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Left outer join and subquery. Expand / Collapse
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Posted Friday, June 10, 2011 1:04 PM
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I have a question on left outer join and subquery as follows:

Below is the code that gave me what I wanted:
---------------------------------
Code 1:

select distinct stpidm
, styear
, stterm
, stcyt
, MIN(dadate)
, shrtgpa_term_code
, sum(shrtgpa_hours_earned)
from oiradm.student
, saturn.shrtgpa
, oiradm.degrees_awarded
where st1sttime = 'F'
and stlevel = 'UG'
and ststsch = 'AS'
and styear >= '2003'
and styear <= '2008'
and stterm = '40'
and stpidm = dapidm(+)
and dalevel(+) = 'U'
and daschool(+) = 'AS'
and stpidm = shrtgpa_pidm(+)
and shrtgpa_levl_code(+) = 'UG'
group by stpidm, styear, stterm, stcyt, shrtgpa_term_code
---------------------------------

Now, instead of using MIN function for "dadate" as above, I want to use a subquery:
---------------------------------
Code 2:

select distinct stpidm
, styear
, stterm
, stcyt
, dadate
, shrtgpa_term_code
, sum(shrtgpa_hours_earned)
from oiradm.student
, saturn.shrtgpa
, oiradm.degrees_awarded A
where st1sttime = 'F'
and stlevel = 'UG'
and ststsch = 'AS'
and styear >= '2003'
and styear <= '2008'
and stterm = '40'
and stpidm = dapidm(+)
and dalevel(+) = 'U'
and daschool(+) = 'AS'
and dadate IN
(
select min(B.dadate)
from oiradm.degrees_awarded B
where A.dapidm = B.dapidm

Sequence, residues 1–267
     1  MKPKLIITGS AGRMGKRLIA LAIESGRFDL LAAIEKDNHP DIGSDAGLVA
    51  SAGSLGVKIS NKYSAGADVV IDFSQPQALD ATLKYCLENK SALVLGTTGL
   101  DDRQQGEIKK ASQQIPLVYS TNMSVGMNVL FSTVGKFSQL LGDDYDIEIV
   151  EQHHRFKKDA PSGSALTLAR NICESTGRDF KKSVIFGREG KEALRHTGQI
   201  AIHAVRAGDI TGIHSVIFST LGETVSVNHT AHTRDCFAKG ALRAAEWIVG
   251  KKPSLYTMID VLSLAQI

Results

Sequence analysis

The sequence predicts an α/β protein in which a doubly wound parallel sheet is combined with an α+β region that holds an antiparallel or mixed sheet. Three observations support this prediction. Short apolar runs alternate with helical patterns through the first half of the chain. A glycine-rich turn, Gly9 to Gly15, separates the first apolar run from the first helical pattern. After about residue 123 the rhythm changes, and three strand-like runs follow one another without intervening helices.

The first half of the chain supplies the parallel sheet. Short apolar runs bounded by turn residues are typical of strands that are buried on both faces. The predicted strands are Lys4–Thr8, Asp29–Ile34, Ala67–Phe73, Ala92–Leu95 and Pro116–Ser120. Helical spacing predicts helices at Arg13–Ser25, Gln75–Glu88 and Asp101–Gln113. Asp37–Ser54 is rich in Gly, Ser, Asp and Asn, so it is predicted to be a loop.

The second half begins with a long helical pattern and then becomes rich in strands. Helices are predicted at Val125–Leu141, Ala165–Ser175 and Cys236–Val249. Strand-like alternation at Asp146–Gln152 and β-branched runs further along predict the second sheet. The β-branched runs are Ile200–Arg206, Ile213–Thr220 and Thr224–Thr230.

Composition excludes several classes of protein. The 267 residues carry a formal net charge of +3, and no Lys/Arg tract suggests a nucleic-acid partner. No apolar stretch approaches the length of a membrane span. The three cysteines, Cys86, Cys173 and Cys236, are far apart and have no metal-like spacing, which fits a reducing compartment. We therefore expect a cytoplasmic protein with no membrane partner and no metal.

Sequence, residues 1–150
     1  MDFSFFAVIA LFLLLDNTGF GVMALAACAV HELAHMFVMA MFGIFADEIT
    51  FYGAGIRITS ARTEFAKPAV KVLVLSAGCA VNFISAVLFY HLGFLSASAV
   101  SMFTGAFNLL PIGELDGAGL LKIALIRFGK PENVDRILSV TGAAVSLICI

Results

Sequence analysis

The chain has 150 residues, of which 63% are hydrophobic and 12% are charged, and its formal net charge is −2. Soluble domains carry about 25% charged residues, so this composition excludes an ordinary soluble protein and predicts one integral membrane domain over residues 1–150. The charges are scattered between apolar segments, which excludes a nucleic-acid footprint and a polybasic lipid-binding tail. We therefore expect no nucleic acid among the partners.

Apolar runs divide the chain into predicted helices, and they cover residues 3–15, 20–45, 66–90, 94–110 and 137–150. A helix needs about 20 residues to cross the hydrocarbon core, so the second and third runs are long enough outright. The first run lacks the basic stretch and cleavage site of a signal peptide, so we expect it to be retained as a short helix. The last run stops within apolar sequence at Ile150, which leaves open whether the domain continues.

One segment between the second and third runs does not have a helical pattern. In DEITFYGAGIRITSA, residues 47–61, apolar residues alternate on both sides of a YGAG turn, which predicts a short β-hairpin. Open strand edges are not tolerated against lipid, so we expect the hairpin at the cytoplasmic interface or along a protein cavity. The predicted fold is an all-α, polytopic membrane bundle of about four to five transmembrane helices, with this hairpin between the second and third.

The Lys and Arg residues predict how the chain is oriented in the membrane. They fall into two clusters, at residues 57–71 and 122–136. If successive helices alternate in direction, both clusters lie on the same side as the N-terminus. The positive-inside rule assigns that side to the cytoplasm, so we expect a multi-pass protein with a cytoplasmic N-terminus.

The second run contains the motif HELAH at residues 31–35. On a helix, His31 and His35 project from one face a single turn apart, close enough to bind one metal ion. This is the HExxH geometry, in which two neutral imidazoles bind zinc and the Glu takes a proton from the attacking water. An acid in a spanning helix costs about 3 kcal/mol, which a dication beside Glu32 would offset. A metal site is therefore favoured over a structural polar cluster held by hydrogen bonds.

and A.dalevel = B.dalevel
and A.daschool = B.daschool
and A.dalevel = 'U'
and A.daschool = 'AS'
and B.dalevel = 'U'
and B.daschool = 'AS'
group by B.dapidm, B.dalevel, B.daschool
)
and stpidm = shrtgpa_pidm(+)
and shrtgpa_levl_code(+) = 'UG'
group by stpidm, styear, stterm, stcyt, dadate, shrtgpa_term_code
---------------------------------

However, Code 2 only gives me records that exist in both tables "oiradm.student" and "oiradm.degrees_awarded". So I think I need to put (+) next to the variable "dadate" above (in bold) to complete a left outer join. I tried it, got an error message, and still do not know how to fix it. Do you have any ideas on how to make Code 2 work?

Any of your suggestions are much appreciated.
Post #1123595
Posted Friday, June 10, 2011 1:46 PM


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You're performing either ANSI 89 style joins. Instead, you should use the ANSI 92 style

SELECT ...
FROM TABLEA AS a
JOIN TABLEB AS b
ON a.ID = b.ID
LEFT JOIN TABLEC AS c
ON b.NewID = c.NewID
LEFT JOIN ...
WHERE...

This way you separate JOIN criteria from the filtering operations of the WHERE clause.


----------------------------------------------------
"The credit belongs to the man who is actually in the arena, whose face is marred by dust and sweat and blood..." Theodore Roosevelt
The Scary DBA
Author of: SQL Server 2012 Query Performance Tuning
SQL Server 2008 Query Performance Tuning Distilled
and
SQL Server Execution Plans

Product Evangelist for Red Gate Software
Post #1123630
Posted Monday, June 13, 2011 10:10 AM
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Dear Grant

Thank you very much for your help.

I tried to rerun the codes as you instructed (please see Code 3 below). However, it still gave me only records that existed in both "oiradm.degrees_awarded" and "oiradm.student" tables although I had specified a right join. What I needed was all records from "oiradm.student" table (with filter conditions). Do you have any ideas on how I should modify the codes? Thank you very much.

-----------------------------
Code 3

select distinct stpidm
, styear
, stterm
, stcyt
, dadate
, shrtgpa_term_code
, sum(shrtgpa_hours_earned)
from oiradm.degrees_awarded A RIGHT JOIN oiradm.student ON dapidm = stpidm
LEFT JOIN saturn.shrtgpa ON stpidm = shrtgpa_pidm
where st1sttime = 'F'
and stlevel = 'UG'
and ststsch = 'AS'
and styear >= '2003'
and styear <= '2008'
and stterm = '40'
and dalevel = 'U'
and daschool = 'AS'
and dadate IN
(select min(B.dadate)
from oiradm.degrees_awarded B
where A.dapidm = B.dapidm
and A.dalevel = B.dalevel
and A.daschool = B.daschool
and A.dalevel = 'U'
and A.daschool = 'AS'
and B.dalevel = 'U'
and B.daschool = 'AS'